Feb 21, 2020
Can I Receive Workers’ Compensation for an Injury at a Temporary Job?
Workers’ compensation benefits are provided to many employees following an on-the-job injury. There are certain roles and types of work that are excluded from the workers’ compensation system.
Some employees work in temporary roles and may be unsure if they are entitled to the same workers’ compensation benefits as full-time workers. A temporary employee’s ability to recover workers’ compensation benefits after a work injury will depend on the nature of their employment and their agreement with their employer.
About Temporary Work
Temporary roles are available in almost every industry. Although some jobs are specifically labeled as temp work, any position that is subjected to a limited time contract could be considered as temporary work.
Temporary work may include seasonal roles. For example, many retail companies hire more people around the holidays with the intention that they will only work during the busy season. Although there is a possibility of seasonal workers being hired full time after the holidays, it is a temporary position in most cases.
Temporary work is different from a part-time job. A temporary employee can work full time, but there is the intention of a limited period of employment. Conversely, part-time employees have limited hours but may not necessarily enter the role with the intention of leaving after a few weeks or months.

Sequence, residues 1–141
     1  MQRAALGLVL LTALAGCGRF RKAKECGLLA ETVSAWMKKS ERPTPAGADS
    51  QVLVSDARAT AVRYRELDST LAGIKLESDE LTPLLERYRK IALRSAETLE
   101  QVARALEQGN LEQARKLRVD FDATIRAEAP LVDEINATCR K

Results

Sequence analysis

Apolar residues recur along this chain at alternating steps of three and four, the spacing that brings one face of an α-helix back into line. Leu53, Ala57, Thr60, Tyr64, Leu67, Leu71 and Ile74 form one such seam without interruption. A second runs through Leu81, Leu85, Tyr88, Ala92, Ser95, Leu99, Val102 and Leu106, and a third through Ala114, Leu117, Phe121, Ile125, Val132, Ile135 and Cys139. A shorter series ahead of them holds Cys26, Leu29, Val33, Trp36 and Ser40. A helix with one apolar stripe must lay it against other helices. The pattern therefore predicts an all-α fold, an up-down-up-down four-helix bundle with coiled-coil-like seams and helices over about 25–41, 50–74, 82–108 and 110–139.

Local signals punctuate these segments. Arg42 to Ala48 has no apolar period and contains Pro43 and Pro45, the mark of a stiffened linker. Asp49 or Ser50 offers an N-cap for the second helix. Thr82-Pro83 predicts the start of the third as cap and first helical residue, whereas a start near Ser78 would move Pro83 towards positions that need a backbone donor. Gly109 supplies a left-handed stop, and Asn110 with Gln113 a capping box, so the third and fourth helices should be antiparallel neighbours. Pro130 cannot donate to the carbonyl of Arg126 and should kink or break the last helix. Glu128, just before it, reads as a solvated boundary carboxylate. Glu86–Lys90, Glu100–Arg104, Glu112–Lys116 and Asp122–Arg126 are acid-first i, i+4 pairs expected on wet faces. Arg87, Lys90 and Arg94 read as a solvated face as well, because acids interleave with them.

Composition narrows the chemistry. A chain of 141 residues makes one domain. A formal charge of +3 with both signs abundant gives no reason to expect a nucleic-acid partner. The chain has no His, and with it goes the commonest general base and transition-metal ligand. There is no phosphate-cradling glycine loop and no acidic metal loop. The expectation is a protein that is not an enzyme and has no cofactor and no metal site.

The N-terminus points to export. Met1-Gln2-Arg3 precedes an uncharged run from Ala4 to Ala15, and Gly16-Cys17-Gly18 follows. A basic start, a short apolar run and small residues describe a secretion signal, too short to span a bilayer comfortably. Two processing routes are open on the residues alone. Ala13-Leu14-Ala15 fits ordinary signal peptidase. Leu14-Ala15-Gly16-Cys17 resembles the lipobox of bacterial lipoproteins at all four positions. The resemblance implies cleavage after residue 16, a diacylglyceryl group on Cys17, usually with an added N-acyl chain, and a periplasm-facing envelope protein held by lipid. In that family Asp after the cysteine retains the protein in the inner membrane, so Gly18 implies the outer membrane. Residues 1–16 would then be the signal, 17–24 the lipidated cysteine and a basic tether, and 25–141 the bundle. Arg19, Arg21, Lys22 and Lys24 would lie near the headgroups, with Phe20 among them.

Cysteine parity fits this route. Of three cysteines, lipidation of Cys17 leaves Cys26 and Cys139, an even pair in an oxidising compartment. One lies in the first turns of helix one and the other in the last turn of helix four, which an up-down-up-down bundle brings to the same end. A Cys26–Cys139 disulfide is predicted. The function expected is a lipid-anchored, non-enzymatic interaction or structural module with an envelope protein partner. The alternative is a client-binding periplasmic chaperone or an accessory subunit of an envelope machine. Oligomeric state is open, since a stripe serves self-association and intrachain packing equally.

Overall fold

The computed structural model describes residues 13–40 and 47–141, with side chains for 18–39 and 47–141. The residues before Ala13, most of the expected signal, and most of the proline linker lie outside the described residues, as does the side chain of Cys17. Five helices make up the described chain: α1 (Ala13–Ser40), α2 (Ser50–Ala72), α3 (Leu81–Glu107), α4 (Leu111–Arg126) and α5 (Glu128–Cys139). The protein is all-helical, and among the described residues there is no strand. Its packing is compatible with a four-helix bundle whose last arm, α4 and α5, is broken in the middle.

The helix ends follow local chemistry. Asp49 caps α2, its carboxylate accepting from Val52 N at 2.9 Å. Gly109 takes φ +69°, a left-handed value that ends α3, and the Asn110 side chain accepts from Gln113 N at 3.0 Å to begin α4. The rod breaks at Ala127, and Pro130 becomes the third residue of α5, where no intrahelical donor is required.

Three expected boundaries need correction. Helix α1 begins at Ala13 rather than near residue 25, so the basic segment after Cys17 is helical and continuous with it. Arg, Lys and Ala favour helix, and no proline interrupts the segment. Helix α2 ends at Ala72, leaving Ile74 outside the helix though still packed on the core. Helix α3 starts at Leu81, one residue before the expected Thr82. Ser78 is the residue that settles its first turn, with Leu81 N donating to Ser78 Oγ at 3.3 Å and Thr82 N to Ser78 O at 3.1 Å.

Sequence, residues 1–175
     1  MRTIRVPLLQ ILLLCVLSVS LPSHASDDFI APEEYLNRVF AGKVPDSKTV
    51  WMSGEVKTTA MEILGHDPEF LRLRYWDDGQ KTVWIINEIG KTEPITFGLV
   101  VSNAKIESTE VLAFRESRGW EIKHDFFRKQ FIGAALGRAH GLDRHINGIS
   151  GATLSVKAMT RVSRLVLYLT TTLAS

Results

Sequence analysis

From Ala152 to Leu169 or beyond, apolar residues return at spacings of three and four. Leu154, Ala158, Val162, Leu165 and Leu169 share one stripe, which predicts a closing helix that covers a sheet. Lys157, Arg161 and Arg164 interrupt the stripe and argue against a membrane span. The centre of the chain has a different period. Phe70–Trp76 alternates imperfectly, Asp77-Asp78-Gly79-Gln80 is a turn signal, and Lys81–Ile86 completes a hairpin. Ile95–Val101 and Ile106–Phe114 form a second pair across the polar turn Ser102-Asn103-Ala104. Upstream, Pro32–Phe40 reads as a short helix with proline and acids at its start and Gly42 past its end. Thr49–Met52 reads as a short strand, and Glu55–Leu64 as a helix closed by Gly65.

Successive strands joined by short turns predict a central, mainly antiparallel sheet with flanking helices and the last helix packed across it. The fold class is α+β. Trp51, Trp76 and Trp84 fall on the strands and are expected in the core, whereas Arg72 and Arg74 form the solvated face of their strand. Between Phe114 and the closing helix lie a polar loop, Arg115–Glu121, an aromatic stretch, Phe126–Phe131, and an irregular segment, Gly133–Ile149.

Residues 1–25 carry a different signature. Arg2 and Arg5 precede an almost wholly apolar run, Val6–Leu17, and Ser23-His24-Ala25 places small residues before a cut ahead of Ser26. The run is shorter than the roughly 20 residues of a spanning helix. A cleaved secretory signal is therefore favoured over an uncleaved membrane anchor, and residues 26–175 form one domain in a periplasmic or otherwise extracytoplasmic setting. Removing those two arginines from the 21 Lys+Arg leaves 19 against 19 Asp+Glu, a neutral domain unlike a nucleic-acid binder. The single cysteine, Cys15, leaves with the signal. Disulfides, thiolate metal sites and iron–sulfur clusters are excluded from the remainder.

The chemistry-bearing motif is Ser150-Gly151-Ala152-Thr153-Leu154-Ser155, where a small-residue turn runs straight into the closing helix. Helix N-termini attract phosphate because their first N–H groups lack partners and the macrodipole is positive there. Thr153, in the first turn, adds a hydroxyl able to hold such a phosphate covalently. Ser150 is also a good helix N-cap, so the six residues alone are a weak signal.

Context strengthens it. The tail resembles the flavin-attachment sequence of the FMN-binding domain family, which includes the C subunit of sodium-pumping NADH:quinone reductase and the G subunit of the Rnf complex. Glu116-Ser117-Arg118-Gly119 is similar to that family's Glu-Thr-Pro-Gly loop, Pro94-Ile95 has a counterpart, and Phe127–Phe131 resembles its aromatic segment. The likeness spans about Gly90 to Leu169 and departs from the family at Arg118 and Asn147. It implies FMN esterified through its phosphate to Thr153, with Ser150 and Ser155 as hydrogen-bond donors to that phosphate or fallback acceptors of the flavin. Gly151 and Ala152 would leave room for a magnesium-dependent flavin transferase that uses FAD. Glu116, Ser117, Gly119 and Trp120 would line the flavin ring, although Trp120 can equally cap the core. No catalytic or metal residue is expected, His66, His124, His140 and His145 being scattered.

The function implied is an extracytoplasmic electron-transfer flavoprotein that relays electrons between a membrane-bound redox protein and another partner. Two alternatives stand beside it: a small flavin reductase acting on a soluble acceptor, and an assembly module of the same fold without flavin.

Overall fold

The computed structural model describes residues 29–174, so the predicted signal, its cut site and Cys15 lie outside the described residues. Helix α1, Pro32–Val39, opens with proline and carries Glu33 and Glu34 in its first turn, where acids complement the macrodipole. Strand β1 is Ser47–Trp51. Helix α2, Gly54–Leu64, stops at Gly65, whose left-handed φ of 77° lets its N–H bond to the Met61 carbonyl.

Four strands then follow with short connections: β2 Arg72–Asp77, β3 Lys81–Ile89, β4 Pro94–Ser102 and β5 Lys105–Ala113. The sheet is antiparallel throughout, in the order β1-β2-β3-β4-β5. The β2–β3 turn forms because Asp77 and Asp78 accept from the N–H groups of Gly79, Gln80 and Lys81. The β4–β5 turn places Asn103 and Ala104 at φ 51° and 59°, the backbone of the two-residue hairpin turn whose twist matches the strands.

Workers’ Compensation Restrictions for Temporary Employees
Not all temporary employees can receive workers’ compensation benefits, and their entitlement may be contingent on the nature of their role. Many temporary roles are subject to a contract and are managed by an outside company, such as a staffing agency. The staffing agency may cover the people they employ. Sometimes, a temporary worker may be considered as an independent contractor rather than a full employee. In these cases, the temporary employee would not be entitled to workers’ compensation benefits. However, many other temporary employees are.
Seasonal workers, for example, can often recover workers’ compensation benefits. Although it is expected that they will not be working in that role past the holidays, for example, they are a full employee during the period of time that they are employed in that role. As an employee, seasonal workers are entitled to full benefits.
The attorneys of Hansford McDaniel LLC represent people who have sustained work injuries and require workers’ compensation benefits. If your employer has wrongfully denied your benefits and you need help with your claim, contact us today.
To schedule a free consultation with our legal team, complete our contact form or call (770) 741-2825.